White House Backs Shinseki’s Backlog Plan


The White House today demonstrated support for the Secretary of Veterans Affairs and his plan to deal with veterans' issues in the wake of a Time magazine column calling for his ouster and a veteran service organization's media blitz around disability claims backlogs.

"The president views this as national problem," White House chief of staff Denis McDonough said during a roundtable he hosted along with Secretary Shinseki for a number of national media organizations including Military.com at the Eisenhower Executive Office Building today.  "Everyone with claims expertise – whether it's the IRS, HUD, HHS – is expected to support Rick [Secretary Shinseki] in the fight [to end the backlog]."

McDonough stated that the president's support of veterans is primarily manifest in his 2014 budget priorities that were just released, specifically the plus-up of the Veterans Benefits Administration funding to $2.5 billion, an increase of 13.6 percent.  That increase is further broken down into $155 million earmarked for the migration to paperless claims, and $136 million for the agency's "veteran claims intake program."

The President's 2014 budget also includes funding to strengthen mental health care services and to incentivize employers to hire vets through a permanent tax credit.

In a Time magazine piece titled "A National Disgrace" that appeared in the March 25 issue columnist Joe Klein wrote ". . . [Shinseki] has been in office for four years, and the problems our veterans face are worse than ever – and about to get still worse as the military demobilizes tens of thousands of additional troops in the next few years.  It is time for him to step down."

About when the Time column first appeared the Iraq and Afghanistan Veterans of America launched an "End the Backlog" campaign that included a claimed 160 meetings with lawmakers on the Hill, a sit-down with White House officials, and a number of national media appearances by Paul Rieckhoff, the organization's founder and executive director.

The result was both effective in generating attention and focus on the issues facing the VA and polarizing among the other VSOs in terms of opinions regarding Shinseki's tenure as secretary and the state of the VA in general.

But whatever the criticism, Shinseki said he is sticking to the plan that's underway, one he categorized in three parts:  Provide greater access to the VA for all veterans, end the claims backlog, and end veteran homelessness.

Shinseki's strategy to improve access to all veterans is mostly manifest in his ruling in 2009 to add three new diseases to the VA's list of those compensable for Vietnam vets due to Agent Orange.  In today's meeting the former Army chief of staff called that effort "unfinished business" on behalf of an earlier generation of warfighters, effort required in spite of the fact he knew it would worsen the backlog by 150,000 re-adjudicated claims and 100,000 new claims.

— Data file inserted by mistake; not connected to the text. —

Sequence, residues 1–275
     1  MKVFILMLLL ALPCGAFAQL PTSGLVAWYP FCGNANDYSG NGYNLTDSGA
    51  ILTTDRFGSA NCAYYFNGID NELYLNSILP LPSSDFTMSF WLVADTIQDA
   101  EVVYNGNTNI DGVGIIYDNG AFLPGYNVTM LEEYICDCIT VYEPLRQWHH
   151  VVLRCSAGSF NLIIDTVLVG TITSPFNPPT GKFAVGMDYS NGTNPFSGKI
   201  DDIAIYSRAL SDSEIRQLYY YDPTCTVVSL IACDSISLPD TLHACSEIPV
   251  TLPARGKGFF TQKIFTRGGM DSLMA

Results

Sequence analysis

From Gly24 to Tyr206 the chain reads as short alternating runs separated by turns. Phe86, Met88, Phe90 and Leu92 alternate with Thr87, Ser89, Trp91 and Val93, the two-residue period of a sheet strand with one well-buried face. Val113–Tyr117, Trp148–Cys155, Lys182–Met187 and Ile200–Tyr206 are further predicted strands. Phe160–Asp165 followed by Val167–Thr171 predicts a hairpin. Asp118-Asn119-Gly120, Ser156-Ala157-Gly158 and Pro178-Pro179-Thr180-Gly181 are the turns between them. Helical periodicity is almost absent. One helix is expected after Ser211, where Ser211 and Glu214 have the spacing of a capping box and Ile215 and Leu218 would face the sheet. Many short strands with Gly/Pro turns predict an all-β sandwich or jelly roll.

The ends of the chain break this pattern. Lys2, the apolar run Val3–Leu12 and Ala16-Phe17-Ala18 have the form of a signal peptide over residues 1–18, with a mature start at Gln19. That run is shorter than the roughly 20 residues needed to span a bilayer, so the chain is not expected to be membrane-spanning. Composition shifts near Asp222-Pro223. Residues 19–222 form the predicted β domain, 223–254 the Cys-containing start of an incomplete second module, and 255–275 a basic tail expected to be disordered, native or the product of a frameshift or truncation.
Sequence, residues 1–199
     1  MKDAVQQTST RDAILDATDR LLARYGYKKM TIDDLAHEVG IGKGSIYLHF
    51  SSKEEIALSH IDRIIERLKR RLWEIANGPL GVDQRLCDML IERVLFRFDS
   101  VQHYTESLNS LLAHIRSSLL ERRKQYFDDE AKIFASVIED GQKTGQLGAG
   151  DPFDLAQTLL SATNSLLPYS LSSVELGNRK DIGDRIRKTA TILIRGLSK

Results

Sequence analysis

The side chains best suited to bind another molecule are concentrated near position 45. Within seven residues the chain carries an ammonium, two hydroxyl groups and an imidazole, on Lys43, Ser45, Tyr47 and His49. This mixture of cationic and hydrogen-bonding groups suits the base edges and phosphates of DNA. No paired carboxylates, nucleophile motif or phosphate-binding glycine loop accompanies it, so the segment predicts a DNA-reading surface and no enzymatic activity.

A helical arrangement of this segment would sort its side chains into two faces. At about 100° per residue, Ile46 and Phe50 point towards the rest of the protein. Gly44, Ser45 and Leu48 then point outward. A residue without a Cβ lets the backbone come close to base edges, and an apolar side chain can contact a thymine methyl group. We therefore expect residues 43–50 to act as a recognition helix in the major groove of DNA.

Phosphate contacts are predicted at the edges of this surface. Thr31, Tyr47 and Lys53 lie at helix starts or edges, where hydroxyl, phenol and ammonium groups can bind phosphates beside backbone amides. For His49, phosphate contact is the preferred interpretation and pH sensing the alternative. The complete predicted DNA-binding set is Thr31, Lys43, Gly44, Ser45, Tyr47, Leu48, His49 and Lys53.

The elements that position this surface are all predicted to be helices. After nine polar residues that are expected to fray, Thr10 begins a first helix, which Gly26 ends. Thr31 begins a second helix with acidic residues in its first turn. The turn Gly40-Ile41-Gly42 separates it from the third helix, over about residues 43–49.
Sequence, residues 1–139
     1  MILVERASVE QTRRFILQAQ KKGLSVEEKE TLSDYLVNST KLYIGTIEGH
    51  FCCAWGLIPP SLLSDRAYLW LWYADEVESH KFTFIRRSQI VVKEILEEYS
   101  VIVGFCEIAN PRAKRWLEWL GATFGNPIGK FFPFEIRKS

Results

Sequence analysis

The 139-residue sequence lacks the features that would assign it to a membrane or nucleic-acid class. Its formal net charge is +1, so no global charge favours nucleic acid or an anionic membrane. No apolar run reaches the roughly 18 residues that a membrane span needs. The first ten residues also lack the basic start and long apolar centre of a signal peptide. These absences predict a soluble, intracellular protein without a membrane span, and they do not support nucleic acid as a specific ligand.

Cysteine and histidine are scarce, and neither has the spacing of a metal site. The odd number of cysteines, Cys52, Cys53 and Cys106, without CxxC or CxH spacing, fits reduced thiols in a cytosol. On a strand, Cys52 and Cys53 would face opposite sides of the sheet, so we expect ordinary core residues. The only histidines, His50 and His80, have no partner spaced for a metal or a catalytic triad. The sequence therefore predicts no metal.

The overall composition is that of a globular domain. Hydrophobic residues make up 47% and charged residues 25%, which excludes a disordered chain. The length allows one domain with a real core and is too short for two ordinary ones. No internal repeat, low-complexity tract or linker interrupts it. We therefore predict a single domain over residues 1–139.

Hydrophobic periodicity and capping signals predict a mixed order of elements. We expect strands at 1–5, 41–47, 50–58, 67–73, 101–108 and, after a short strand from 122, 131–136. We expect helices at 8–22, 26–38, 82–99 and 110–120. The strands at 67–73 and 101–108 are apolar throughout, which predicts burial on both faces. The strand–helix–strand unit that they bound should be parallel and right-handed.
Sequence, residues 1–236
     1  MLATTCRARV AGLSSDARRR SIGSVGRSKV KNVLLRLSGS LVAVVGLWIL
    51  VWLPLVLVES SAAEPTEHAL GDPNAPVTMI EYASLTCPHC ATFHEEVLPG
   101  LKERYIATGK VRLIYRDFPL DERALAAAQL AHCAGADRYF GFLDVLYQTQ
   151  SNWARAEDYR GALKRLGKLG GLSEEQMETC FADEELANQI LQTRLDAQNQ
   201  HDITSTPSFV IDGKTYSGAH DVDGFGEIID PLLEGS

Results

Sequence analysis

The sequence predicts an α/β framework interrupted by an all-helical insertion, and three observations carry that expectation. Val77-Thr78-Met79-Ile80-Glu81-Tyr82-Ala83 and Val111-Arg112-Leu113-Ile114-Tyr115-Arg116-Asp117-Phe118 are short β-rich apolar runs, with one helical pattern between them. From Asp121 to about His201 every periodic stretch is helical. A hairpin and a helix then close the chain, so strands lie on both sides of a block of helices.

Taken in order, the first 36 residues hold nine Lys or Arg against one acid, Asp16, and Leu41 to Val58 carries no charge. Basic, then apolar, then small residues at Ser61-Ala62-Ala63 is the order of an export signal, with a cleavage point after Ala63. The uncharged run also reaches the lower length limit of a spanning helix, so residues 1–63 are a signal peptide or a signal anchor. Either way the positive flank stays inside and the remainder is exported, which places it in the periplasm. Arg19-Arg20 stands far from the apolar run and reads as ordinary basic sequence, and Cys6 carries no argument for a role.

"You have to accept the fact you've increased the workload," Shinseki said.

The plan to end the backlog centers on the VA fully making the transition from paper to digital in the form of their Veterans Benefits Management System.  Shinseki used an old artillery officer term – "splash point" – when identifying milestones for the implementation of VBMS saying that all 56 VA stations would have the system in place for processing claims by 2014 and that the backlog would be gone by 2015.

Shinseki pointed to the learning curve associated with the Post-9/11 GI Bill as an example of where the agency can show results with a migration from paper to digital.  "When we first started the new GI Bill a few years ago we did all applications on paper and we had a backlog and we reduced it by going digital."

But while stating overarching support for Shinseki's plan and leadership of the agency, McDonough also said, "It's not only about the inputs, it's the outputs," meaning President Obama was keeping a close eye on the results.

As far as thoughts of complying with calls for his ouster, Shinseki seemed resolute.

"In this job I get to take care of kids I went to war with 40 years ago in a place called Vietnam," he said.  "I get to take care of those kids we deployed when I was service chief.  I get to take care of the great giants, those veterans of World War 2 who saved the world and those who saved a country in the ‘50s and who raised me in the profession.  For those reasons, when the president offered me the opportunity I took it, and I haven't really thought much more about it."

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